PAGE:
Three cheers for stocks. Now run for the bunker.
Investors are obviously elated now that the Dow Jones Industrial Average has closed at a new all-time high of 14,254. The Dow hit its prior closing peak on Oct. 9, 2007, so it's been a long time coming. The new high is especially momentous since it marks a symbolic end to the miseries of the Great Recession.
But it may be a fleeting victory. Wall Street analysts have been predicting a market pullback that might last for a couple of months and knock 5 or even 10 percent off stock values. That wouldn't necessarily be a bad thing. Many analysts are bullish on stocks over the next 12 to 24 months. But they tend to think a modest correction would skim some froth from a market that has gotten a little ahead of the underlying economy. Here are five things that could send the Dow lower:
Profit-taking: With the Dow at an all-time high, it's a terrific time for many investors to sell shares, lock in profits, wait for stocks to dip, then get in once again at lower levels. And in fact, some technical indicators foretell just that type of activity. Investing firm PiperJaffray, for instance, predicts a 5 to 10 percent drop in the market over the next three-to-four months. Not to worry, however. "We suspect this pullback will be tactical in nature and may represent the single best buying opportunity this year," Piper stock analysts wrote in a recent research note. The firm predicts a 10 percent rise in stocks by this time next year, and a 30 percent rise within 24 months.
The Washington follies: The underlying economy has proven to be more resilient this year than many economists thought, but it's not impervious to fiscal austerity measures in Washington. In fact, some analysts think investors ought to prepare for a delayed reaction to the spending cuts known as the "sequester" that just went into effect.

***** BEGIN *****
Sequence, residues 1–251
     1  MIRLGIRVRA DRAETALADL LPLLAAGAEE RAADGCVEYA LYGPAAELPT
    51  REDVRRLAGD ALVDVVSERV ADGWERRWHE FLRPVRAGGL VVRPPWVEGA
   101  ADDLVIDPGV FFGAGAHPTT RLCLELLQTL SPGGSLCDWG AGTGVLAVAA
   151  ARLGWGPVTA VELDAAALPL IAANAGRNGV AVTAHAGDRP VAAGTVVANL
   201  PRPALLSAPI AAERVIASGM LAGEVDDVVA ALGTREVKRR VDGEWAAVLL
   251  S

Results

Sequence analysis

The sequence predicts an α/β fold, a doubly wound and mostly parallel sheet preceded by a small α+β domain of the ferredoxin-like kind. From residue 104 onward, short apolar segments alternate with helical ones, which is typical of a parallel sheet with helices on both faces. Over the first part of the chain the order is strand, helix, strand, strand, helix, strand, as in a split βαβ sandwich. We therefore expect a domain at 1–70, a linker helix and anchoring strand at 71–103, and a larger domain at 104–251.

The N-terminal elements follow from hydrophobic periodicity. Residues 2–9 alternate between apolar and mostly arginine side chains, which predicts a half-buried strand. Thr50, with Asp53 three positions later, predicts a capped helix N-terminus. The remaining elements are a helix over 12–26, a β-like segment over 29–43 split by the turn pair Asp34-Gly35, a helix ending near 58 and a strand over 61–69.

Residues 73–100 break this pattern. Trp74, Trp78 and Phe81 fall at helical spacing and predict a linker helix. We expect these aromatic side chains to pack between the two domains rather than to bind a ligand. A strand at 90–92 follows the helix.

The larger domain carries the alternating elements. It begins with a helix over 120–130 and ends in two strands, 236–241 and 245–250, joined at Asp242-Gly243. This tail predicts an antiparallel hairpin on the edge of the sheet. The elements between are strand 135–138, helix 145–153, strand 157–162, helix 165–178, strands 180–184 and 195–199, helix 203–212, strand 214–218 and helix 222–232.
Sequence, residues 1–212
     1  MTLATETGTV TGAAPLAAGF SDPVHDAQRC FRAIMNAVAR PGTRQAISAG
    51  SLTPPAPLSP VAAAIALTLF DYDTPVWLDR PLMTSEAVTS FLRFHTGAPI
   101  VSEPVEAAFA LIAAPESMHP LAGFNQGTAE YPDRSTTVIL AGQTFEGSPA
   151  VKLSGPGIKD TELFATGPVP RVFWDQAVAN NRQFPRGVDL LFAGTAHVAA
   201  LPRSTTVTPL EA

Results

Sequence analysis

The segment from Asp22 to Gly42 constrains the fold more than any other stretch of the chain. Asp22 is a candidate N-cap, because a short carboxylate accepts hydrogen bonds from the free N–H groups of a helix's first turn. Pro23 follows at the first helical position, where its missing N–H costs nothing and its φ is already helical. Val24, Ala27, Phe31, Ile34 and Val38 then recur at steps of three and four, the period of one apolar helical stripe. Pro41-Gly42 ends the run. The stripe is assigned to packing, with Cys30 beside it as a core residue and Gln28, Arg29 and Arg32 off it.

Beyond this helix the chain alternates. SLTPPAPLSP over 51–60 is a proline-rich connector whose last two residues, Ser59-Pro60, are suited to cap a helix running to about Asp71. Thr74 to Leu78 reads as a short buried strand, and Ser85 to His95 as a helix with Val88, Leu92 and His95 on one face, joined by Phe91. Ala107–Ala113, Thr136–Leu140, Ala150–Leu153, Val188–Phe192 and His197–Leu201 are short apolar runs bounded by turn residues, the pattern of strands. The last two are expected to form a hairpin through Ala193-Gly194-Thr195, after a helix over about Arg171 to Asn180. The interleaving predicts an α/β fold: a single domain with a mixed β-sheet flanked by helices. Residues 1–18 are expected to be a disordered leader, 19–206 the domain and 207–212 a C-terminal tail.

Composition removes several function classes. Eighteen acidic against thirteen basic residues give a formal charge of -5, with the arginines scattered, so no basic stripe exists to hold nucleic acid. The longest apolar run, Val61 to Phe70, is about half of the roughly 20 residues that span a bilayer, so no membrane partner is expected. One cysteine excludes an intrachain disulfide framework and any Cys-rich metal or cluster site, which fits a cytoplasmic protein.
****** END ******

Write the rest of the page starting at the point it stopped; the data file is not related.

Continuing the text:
Even though the sequester has produced no tangible impact so far, the effect on the economy will be cumulative, with corporate profits likely to sink by late spring if the spending cuts remain in effect for more than a few weeks. "If the cuts are not reversed, we see the sequestration as a modest negative for the economy and, to some extent, stocks over the next three to six months," writes Ross Koesterich of the BlackRock investing firm.
A blindside shock: It's still quite possible that conditions in Europe could deteriorate more than expected, an asset bubble in China could pop or there could be some other disruption that investors have put out of mind for the time being. Some analysts still think it's likely that Greece will leave the euro zone, for instance, perhaps after German elections this fall. The unsettled political situation in Italy is another factor that could unnerve investors. The world's a safer place to invest than it was a few years ago, but by no means idiot-proof.
History: Sam Stovall of S&P Capital IQ points out that rallies of the sort the market is in right now tend to run out of gas shortly after stocks reach a new high. Since 1946, there have been 12 bear markets (a total price decline of 20 percent or more), including the big wipeout that occurred from 2007 to 2009. Once the market recovered lost ground, the median gain was just 3 percent before stocks slumped once again by 5 percent or more. That doesn't mean it will happen this time, but other risks suggest it's quite possible. (Stovall's analysis relates to the S&P 500 index, but the Dow is very similar.)
Any sign of a pullback by the Fed: Every time there's some sign that the Federal Reserve is considered an end to its easy-money policies, stocks tumble. Fed Chairman Ben Bernanke continues to insist the Fed will stick with its plan, but an improving economy raises the odds of the Fed tightening up sooner than expected. Even speculation of a shift at the Fed tends to sink stocks. That's not quite the bedrock foundation that lasting rallies are built on.
Rick Newman's latest book is Rebounders: How Winners Pivot From Setback To Success. Follow him on Twitter: @rickjnewman.